Hi Andy, just curious, how come you didn’t include any forearm isolation exercises like reverse curls/ wrist curls?

Andy Morgan
Admin
Andy Morgan
August 31, 2020 09:16
Reply to  Johnson

Hi Johnson, thank you for the question.

I haven’t found it necessary. The forearms are worked through the course of your regular training.

Ali Hassan
Ali Hassan
August 25, 2020 18:29

Hey Sir!
I hope you are well. I love your website. This is the best resource i ever visited. You are doing great job.
Sir i have a question … In the program you used ‘%1RM’ and ‘RPE’ scales for intensity. In one exercise you used %1RM and in the other RPE, why?
For example in Day Two.. ‘Upper Body Strength’, for horizontal push you used %1RM and for second exercise horizontal pull, you used RPE… why is that? can’t we use same for both or is there any difference/reason?
Thanks.

Andy Morgan
Admin
Andy Morgan
August 26, 2020 08:29
Reply to  Ali Hassan

Hi Ali, thank you.

The %1RM is there to guide the load selection the first time you lift, for those who are new to RPE and wouldn’t know what load to choose otherwise.

For the second session onward, you’ll ignore this number.

To know the %1RM, you need to know (or estimate) your 1RM. Some exercises don’t lend themselves well to that, so we’ve omitted them. In this case, you’ll guess at the load you can do, based on experience. If you have no experience, just choose a load and see how you do. Nobody is perfect the first time.

Alex
Alex
August 24, 2020 17:37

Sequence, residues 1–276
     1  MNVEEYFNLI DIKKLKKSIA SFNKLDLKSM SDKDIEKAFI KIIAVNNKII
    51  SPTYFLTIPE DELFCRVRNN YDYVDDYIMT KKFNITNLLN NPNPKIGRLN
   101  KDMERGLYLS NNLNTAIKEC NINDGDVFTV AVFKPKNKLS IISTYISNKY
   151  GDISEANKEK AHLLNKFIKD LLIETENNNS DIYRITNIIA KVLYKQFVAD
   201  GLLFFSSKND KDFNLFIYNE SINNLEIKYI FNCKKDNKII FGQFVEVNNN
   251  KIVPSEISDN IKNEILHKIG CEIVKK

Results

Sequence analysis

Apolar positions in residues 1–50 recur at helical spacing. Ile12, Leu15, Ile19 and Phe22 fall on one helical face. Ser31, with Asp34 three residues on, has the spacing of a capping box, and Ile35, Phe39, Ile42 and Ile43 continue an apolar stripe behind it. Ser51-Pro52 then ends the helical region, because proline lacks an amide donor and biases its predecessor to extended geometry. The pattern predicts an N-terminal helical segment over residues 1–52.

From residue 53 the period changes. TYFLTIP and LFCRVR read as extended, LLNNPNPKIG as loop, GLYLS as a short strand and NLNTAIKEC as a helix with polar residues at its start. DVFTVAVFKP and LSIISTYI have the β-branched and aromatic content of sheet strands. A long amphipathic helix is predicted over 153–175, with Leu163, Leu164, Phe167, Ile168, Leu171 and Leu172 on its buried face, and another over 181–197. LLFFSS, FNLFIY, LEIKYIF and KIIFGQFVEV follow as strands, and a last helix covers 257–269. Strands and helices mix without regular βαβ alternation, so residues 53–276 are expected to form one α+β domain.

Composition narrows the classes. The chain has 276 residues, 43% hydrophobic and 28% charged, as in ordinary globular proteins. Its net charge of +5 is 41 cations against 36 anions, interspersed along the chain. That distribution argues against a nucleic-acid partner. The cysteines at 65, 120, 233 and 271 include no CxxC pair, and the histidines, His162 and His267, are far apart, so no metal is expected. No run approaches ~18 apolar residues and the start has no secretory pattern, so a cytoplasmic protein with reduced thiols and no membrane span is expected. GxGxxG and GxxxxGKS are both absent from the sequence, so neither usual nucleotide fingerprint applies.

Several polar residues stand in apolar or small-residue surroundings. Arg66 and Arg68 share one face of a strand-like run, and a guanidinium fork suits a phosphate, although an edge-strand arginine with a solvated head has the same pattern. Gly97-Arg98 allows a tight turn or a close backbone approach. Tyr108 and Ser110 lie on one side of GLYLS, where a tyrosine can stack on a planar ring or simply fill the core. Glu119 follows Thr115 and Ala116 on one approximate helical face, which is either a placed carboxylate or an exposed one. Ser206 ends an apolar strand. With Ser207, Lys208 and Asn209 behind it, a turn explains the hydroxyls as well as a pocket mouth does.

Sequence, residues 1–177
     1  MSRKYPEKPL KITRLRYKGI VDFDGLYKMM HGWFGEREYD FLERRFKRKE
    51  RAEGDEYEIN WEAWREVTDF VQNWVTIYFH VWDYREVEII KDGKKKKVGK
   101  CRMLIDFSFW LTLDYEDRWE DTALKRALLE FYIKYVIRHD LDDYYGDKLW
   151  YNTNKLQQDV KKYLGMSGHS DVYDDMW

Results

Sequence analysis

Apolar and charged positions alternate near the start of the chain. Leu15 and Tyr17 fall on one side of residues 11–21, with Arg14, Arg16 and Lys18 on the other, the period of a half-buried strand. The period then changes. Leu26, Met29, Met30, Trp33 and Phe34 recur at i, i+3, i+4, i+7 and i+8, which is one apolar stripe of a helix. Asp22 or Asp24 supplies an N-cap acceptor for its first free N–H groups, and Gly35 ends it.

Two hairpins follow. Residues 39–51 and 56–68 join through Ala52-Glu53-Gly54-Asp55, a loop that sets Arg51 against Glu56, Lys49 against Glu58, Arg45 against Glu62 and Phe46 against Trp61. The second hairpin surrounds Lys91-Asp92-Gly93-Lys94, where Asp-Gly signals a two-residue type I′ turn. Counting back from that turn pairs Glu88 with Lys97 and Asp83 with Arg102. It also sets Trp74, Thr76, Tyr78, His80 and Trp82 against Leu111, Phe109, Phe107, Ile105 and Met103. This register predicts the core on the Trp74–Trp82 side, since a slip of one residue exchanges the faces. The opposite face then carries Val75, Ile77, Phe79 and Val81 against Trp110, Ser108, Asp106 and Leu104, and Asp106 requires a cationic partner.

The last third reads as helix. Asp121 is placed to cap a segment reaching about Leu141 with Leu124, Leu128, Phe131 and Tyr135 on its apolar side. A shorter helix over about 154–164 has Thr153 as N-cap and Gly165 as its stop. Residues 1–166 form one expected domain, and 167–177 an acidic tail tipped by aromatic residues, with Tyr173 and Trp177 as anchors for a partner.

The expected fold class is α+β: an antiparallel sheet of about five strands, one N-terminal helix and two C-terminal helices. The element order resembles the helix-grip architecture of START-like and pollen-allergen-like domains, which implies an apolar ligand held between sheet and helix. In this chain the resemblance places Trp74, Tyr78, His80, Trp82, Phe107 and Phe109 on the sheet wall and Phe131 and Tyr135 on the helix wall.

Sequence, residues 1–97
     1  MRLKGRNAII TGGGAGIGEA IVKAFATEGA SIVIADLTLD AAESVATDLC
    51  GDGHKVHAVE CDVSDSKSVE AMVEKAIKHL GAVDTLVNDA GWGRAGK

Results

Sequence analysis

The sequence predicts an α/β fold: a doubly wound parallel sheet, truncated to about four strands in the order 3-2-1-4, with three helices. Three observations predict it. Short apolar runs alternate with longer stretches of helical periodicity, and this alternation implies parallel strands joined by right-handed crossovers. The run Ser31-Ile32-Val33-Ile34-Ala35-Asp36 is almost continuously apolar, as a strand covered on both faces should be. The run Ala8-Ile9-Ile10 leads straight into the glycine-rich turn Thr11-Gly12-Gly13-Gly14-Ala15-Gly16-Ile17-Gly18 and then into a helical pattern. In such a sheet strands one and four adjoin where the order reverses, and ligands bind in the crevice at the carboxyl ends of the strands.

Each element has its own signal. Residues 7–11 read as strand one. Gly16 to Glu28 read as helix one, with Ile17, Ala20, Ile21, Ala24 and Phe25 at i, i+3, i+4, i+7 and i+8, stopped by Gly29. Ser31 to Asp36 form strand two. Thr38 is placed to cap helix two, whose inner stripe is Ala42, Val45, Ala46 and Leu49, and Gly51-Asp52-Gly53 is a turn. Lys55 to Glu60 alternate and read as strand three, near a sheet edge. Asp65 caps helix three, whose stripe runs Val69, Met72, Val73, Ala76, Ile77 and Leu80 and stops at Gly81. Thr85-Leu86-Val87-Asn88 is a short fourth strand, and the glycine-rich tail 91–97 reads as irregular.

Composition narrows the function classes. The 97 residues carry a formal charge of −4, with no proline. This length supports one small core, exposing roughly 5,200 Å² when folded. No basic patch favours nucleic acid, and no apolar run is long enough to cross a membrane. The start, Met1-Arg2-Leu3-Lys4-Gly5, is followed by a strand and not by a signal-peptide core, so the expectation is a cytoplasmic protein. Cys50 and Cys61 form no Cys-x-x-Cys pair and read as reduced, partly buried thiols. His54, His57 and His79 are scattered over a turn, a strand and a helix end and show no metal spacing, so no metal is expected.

I’m following the Novice program from the Muscle Pyramid book. It is a lower/upper 4 days per week program. Could I take all of the exercises and programming from it and spread it out into a Push/Pull/Legs 6 day per week program? Or should I stick with the suggested lower/upper?

Andy Morgan
Admin
Andy Morgan
August 25, 2020 07:35
Reply to  Alex

You could, but the same work spread over six sessions isn’t likely to achieve a different result. This article may interest you: A 6-Step Guide to Building Training Programs

RJ Rafael
RJ Rafael
August 23, 2020 18:12

Hey Andy,

Thank you for sharing. What exactly constitutes a “beginner”, someone less than two years of experience?

How long should someone use this program before moving up into the intermediate program in the ebook?

Andy Morgan
Admin
Andy Morgan
August 24, 2020 09:45
Reply to  RJ Rafael

Hi RJ, thank you for the comment. There are many ways to define it, but here’s how I want you to think about it:

1. Someone who can progress linearly (add load) from session to session.
2. For as long as you continue to progress with it.

Scroll to Top